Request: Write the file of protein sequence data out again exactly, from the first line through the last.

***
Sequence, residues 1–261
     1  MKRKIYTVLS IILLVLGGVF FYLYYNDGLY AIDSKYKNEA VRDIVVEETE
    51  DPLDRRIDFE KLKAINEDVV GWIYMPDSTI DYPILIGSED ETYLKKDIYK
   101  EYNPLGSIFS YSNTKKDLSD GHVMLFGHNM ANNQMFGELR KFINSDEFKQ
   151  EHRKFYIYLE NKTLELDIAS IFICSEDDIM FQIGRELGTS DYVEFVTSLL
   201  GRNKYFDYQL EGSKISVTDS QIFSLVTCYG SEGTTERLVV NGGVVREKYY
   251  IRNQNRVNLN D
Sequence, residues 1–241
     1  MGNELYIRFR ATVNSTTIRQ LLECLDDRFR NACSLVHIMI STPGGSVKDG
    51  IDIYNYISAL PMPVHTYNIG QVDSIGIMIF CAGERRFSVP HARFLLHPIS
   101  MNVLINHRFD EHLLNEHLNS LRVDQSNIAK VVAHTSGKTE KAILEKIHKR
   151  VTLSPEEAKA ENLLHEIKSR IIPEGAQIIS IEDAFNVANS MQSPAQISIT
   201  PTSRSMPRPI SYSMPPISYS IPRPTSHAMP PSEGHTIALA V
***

Sequence, residues 1–261
     1  MKRKIYTVLS IILLVLGGVF FYLYYNDGLY AIDSKYKNEA VRDIVVEETE
    51  DPLDRRIDFE KLKAINEDVV GWIYMPDSTI DYPILIGSED ETYLKKDIYK
   101  EYNPLGSIFS YSNTKKDLSD GHVMLFGHNM ANNQMFGELR KFINSDEFKQ
   151  EHRKFYIYLE NKTLELDIAS IFICSEDDIM FQIGRELGTS DYVEFVTSLL
   201  GRNKYFDYQL EGSKISVTDS QIFSLVTCYG SEGTTERLVV NGGVVREKYY
   251  IRNQNRVNLN D
Sequence, residues 1–241
     1  MGNELYIRFR ATVNSTTIRQ LLECLDDRFR NACSLVHIMI STPGGSVKDG
    51  IDIYNYISAL PMPVHTYNIG QVDSIGIMIF CAGERRFSVP HARFLLHPIS
   101  MNVLINHRFD EHLLNEHLNS LRVDQSNIAK VVAHTSGKTE KAILEKIHKR
   151  VTLSPEEAKA ENLLHEIKSR IIPEGAQIIS IEDAFNVANS MQSPAQISIT
   201  PTSRSMPRPI SYSMPPISYS IPRPTSHAMP PSEGHTIALA V